Original Research ARTICLE
Characterization of renal injury and inflammation in an experimental model of intravascular hemolysis
- 1INSERM UMRS1138 Centre de Recherche des Cordeliers, France
- 2INSERM UMR995 Centre international de recherche sur l'inflammation de Lille, France
- 3Research & Development, CSL Behring, United States
- 4CSL Behring AG, Switzerland
- 5UMR8587 Laboratoire Analyse et Modélisation pour la Biologie et l'Environnement (LAMBE), France
- 6INSERM UMRS970 Paris-Centre de recherche Cardiovasculaire, France
- 7Necker-Enfants Malades Hospital, France
Intravascular erythrocyte destruction, accompanied by the release of pro-oxidative and pro-inflammatory components hemoglobin and heme, is a common event in the pathogenesis of numerous diseases with heterogeneous etiology and clinical features. A frequent adverse effect related to massive hemolysis is the renal injury and inflammation. Nevertheless, it is still unclear whether heme – a danger-associated molecular pattern and ligand for TLR4 or upstream hemolysis-derived products are responsible for these effects. Well-characterized animal models of hemolysis with kidney impairment are needed to investigate how hemolysis drives kidney injury and to test novel therapeutic strategies. Here we characterized the pathological processes leading to acute kidney injury and inflammation during massive intravascular hemolysis, using a mouse model of phenylhydrazine (PHZ)-triggered erythrocyte destruction. We observed profound changes in mRNA levels for markers of tubular damage (Kim-1, NGAL) and regeneration (indirect marker of tubular injury, Ki-67), and tissue and vascular inflammation (IL-6, E-selectin, P-selectin, ICAM-1) in kidneys of PHZ-treated mice, associated with ultrastructural signs of tubular injury. Moreover, mass spectrometry revealed presence of markers of tubular damage in urine, including meprin-a, cytoskeletal keratins, a-1-antitrypsin and a-1-microglobulin. Signs of renal injury and inflammation rapidly resolved and the renal function was preserved, despite major changes in metabolic parameters of PHZ-injected animals. Mechanistically, renal alterations were largely heme-independent, since injection of free heme could not reproduce them, and scavenging heme with hemopexin in PHZ-administered mice could not prevent them. Reduced overall health status of the mice suggested multi-organ involvement. We detected amylasemia and amylasuria, two markers of acute pancreatitis. We also provide detailed characterization of renal manifestations associated with acute intravascular hemolysis, which may be mediated by hemolysis-derived products upstream of heme release. This analysis provides a platform for further investigations of hemolytic diseases and associated renal injury and the evaluation of novel therapeutic strategies that target intravascular hemolysis.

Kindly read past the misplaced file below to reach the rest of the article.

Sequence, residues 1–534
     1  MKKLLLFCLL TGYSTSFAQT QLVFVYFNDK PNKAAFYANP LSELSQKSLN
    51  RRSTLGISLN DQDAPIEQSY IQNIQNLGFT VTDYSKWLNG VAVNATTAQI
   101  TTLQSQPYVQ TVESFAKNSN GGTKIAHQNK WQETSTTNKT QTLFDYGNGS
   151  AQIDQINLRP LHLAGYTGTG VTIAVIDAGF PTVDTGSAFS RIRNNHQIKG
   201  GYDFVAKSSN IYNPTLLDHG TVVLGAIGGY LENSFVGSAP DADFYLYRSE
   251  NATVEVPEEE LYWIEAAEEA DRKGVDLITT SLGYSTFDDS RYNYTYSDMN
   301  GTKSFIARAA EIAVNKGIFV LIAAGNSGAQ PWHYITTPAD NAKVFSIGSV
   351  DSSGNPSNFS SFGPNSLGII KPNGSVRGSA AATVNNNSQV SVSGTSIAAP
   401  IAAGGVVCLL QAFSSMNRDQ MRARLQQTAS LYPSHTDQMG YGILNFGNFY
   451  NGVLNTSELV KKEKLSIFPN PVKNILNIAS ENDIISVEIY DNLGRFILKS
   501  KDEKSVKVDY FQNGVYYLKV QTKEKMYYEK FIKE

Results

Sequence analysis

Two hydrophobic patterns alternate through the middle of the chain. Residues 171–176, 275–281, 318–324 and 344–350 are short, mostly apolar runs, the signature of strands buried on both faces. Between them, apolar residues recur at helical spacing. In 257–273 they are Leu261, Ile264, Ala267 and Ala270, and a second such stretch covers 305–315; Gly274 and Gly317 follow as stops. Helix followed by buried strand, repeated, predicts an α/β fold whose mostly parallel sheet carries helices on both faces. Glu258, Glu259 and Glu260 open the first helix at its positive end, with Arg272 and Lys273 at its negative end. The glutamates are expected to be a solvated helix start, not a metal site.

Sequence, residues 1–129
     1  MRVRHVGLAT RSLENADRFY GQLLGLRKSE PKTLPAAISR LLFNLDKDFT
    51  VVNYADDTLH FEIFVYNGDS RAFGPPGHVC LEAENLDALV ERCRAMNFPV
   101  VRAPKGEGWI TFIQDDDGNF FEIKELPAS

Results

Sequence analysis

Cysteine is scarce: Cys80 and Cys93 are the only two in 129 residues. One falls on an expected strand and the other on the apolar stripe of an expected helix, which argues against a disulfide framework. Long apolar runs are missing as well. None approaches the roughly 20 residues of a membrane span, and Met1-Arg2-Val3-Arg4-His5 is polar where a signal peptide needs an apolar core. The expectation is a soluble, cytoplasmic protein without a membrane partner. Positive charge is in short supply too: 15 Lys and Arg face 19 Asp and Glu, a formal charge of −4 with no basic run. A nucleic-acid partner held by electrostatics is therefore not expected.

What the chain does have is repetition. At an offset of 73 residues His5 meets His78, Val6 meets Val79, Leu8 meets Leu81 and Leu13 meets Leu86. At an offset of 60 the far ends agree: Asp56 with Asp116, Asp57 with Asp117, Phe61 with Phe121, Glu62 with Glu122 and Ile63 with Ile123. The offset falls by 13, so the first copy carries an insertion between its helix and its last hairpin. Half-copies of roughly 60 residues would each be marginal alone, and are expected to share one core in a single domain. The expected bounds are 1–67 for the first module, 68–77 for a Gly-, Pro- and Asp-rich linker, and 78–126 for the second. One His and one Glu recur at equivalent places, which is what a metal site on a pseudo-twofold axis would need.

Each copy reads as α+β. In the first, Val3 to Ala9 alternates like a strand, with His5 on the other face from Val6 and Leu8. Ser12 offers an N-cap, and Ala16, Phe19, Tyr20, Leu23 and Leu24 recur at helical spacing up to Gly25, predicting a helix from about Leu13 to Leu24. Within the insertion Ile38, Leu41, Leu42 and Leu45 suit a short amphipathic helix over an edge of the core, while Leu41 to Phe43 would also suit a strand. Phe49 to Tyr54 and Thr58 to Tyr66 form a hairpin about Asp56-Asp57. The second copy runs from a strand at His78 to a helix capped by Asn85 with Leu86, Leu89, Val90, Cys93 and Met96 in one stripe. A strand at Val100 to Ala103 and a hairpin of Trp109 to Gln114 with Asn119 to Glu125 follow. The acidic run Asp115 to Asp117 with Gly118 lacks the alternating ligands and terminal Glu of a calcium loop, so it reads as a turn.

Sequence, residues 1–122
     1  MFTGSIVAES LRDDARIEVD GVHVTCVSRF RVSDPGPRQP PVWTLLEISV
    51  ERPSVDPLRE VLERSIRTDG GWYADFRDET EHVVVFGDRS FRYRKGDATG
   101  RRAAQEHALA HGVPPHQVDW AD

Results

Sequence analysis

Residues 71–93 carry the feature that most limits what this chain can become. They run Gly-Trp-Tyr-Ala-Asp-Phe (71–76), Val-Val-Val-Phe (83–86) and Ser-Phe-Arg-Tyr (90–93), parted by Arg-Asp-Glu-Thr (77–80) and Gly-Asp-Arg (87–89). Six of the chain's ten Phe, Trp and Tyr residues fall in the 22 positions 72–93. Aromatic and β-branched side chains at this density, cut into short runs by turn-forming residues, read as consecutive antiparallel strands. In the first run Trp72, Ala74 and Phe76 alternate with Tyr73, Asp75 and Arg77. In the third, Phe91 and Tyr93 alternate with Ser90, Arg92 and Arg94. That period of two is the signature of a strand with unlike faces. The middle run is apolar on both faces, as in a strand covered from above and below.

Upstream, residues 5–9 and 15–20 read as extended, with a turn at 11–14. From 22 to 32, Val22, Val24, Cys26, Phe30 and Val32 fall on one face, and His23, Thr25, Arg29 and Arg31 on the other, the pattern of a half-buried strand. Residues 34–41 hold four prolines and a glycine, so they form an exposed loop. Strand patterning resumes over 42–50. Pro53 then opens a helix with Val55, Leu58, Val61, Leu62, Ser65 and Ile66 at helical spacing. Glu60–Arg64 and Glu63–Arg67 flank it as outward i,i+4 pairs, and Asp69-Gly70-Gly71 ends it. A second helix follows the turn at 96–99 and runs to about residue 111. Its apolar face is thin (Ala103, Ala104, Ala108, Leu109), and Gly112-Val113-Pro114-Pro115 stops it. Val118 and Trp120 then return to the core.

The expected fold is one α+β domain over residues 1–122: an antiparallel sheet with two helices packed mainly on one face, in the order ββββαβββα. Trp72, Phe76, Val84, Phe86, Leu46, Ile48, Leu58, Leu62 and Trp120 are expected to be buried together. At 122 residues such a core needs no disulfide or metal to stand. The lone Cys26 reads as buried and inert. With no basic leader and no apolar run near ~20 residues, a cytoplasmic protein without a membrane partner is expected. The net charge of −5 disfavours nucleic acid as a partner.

Keywords: Hemolysis, Heme, kidney injury, Endothelial activation, Inflammation, Hemopexin, phenylhydrazine, experimental model of intravascular hemolysis
Received: 04 Oct 2017;
Accepted: 19 Jan 2018.
Edited by:Janos G. Filep, Université de Montréal, Canada
Reviewed by:Daniel Ricklin, University of Basel, Switzerland
Mariya Hristova, University College London, United Kingdom
Copyright: © 2018 Merle, Grunenwald, Figueres, Chauvet, Knockaert, Noe, May, Frimat, Brinkman, Gentinetta, Miescher, Houillier, Legros, Gonnet, Blanc-Brude, Rabant, Daniel, Dimitrov and Roumenina. This is an open-access article distributed under the terms of the Creative Commons Attribution License (CC BY). The use, distribution or reproduction in other forums is permitted, provided the original author(s) and the copyright owner are credited and that the original publication in this journal is cited, in accordance with accepted academic practice. No use, distribution or reproduction is permitted which does not comply with these terms.
* Correspondence: Dr. Lubka T. Roumenina, ROUMENINA., INSERM UMRS1138 Centre de Recherche des Cordeliers, 15 rue de l'Ecole de Médecine, Escalier E, 3ème étage, Paris, 15 rue de l'Ecole de Médecine, Escalier E, 3ème étage, Paris, 75006, France, firstname.lastname@example.org